The Telegraph
Since 1st March, 1999
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Microsoft faces class-action suit over security

Los Angeles/Seattle, Oct. 3 (Reuters): Microsoft Corp faces a proposed class-action lawsuit in California based on the claim that its market-dominant software is vulnerable to viruses capable of triggering “massive, cascading failures” in global computer networks.

The lawsuit, filed on Tuesday in Los Angeles Superior Court, also claims that Microsoft’s security warnings are too complex to be understood by the general public and serve instead to tip off “fast-moving” hackers on how to exploit flaws in its operating system.

The lawsuit claims unfair competition and the violation of two California consumer rights laws, one of which took effect earlier this year and is intended to protect the privacy of personal information in computer databases.

Microsoft, which received and reviewed the complaint, said it would fight the attempt to certify the lawsuit as a class action.

“This complaint misses the point. The problems caused by viruses are the result of criminal acts by people who write viruses,” said Microsoft spokeswoman Stacy Drake, adding that Microsoft was working with authorities to bring malicious code writers to justice.

Nevertheless, the lawsuit would reignite a simmering debate over whether the computer software industry should be held to the same standard of liability as other companies, such as automakers.

The result could be to make computer software more secure — and more expensive, computer security experts said.

“It’s obvious Microsoft does not bear 100 per cent of the responsibility for these problems, but it’s just as obvious that they don’t bear zero per cent,” said Bruce Schneier, chief technology officer at Counterpane Internet Security.

The lawsuit is the first proposed class-action against Microsoft for lapses in security and to test its practices against a new state law requiring that users be notified whenever their private information has been compromised by computer attacks, the lawyer for the plaintiff said.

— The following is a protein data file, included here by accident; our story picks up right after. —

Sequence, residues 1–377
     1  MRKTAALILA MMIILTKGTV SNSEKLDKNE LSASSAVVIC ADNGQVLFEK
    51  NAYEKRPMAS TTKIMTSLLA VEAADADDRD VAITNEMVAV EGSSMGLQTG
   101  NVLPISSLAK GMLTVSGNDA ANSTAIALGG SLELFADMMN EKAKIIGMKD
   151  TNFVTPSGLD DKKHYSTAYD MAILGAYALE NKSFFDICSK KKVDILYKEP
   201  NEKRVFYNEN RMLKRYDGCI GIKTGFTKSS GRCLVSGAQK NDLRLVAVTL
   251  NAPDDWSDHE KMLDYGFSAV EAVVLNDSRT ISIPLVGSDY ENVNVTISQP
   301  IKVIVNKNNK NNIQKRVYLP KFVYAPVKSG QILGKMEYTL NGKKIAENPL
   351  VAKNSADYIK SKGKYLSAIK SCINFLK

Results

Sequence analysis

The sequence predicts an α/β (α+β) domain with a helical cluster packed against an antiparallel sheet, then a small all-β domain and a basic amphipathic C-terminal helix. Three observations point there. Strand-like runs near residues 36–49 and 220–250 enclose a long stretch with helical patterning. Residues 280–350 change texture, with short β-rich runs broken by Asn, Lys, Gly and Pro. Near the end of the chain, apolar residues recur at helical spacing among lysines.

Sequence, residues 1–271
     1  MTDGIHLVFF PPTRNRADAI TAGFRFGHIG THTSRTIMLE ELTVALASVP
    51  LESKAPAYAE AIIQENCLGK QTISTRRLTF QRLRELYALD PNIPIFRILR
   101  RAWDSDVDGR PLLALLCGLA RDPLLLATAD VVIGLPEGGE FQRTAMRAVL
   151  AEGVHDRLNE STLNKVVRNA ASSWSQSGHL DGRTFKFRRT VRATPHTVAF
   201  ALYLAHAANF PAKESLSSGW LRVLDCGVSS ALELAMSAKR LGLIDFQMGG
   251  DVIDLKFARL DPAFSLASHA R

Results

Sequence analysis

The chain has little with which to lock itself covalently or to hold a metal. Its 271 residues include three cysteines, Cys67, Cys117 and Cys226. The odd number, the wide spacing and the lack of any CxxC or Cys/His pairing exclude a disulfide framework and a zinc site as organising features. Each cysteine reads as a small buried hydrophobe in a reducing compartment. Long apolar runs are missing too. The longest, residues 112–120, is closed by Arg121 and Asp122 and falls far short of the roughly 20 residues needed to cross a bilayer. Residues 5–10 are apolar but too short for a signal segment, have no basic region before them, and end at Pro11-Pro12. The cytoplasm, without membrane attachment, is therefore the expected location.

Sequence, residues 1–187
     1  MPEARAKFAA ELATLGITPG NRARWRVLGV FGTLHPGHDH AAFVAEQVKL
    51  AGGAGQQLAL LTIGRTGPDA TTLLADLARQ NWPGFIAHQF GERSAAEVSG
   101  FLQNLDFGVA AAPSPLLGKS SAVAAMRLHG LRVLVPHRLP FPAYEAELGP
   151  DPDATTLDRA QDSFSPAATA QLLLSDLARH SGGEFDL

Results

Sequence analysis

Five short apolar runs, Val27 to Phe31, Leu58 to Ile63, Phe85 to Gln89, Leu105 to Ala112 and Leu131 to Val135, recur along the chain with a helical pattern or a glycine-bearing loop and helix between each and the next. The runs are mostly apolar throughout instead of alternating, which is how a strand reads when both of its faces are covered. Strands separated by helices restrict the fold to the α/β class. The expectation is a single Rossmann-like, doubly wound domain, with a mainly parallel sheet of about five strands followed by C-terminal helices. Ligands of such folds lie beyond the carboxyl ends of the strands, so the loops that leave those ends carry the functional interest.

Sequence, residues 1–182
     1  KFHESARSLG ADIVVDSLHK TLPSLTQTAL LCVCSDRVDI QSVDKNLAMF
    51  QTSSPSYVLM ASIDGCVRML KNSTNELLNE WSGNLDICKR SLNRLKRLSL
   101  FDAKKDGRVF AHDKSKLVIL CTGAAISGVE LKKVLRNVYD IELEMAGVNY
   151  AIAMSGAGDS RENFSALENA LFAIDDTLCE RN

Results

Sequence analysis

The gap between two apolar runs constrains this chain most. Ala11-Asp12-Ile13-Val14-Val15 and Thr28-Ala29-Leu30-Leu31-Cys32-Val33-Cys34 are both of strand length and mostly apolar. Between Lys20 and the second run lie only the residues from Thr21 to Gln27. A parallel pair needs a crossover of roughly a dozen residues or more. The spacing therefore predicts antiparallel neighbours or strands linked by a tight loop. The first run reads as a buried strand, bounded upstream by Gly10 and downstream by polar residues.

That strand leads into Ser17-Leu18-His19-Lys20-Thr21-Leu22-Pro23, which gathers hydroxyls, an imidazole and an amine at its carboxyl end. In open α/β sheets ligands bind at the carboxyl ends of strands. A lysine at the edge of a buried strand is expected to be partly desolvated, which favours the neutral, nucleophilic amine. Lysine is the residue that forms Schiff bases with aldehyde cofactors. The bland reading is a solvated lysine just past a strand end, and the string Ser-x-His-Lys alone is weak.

Attorney Dana Taschner of Newport Beach, California, filed the lawsuit on behalf of Marcy Levitas Hamilton, a film editor and “garden variety” PC user who had her social security number and bank details stolen over the internet.

“Something fundamental has to change to protect consumers and businesses,” Taschner said.

The lawsuit, which could include millions of plaintiffs if allowed to proceed as a class action, seeks unspecified damages and legal costs, as well as an injunction against Microsoft barring it from alleged unfair business practices.

Many of the arguments in the lawsuit and some of its language echoed a report issued by computer security experts in late September, which warned that the ubiquitous reach of Microsoft’s software on desktops worldwide had made computer networks a national security risk.

That report distributed by the Computer and Communications Industry Association, a trade group representing Microsoft’s rivals, said the complexity of Microsoft’s software made it particularly vulnerable to cyber-attack.

“Microsoft’s eclipsing dominance in desktop software has created a global security risk,” the lawsuit said. “As a result of Microsoft’s concerted effort to strengthen and expand its monopolies by tightly integrating applications with its operating system ... the world’s computer networks are now susceptible to massive, cascading failure.”

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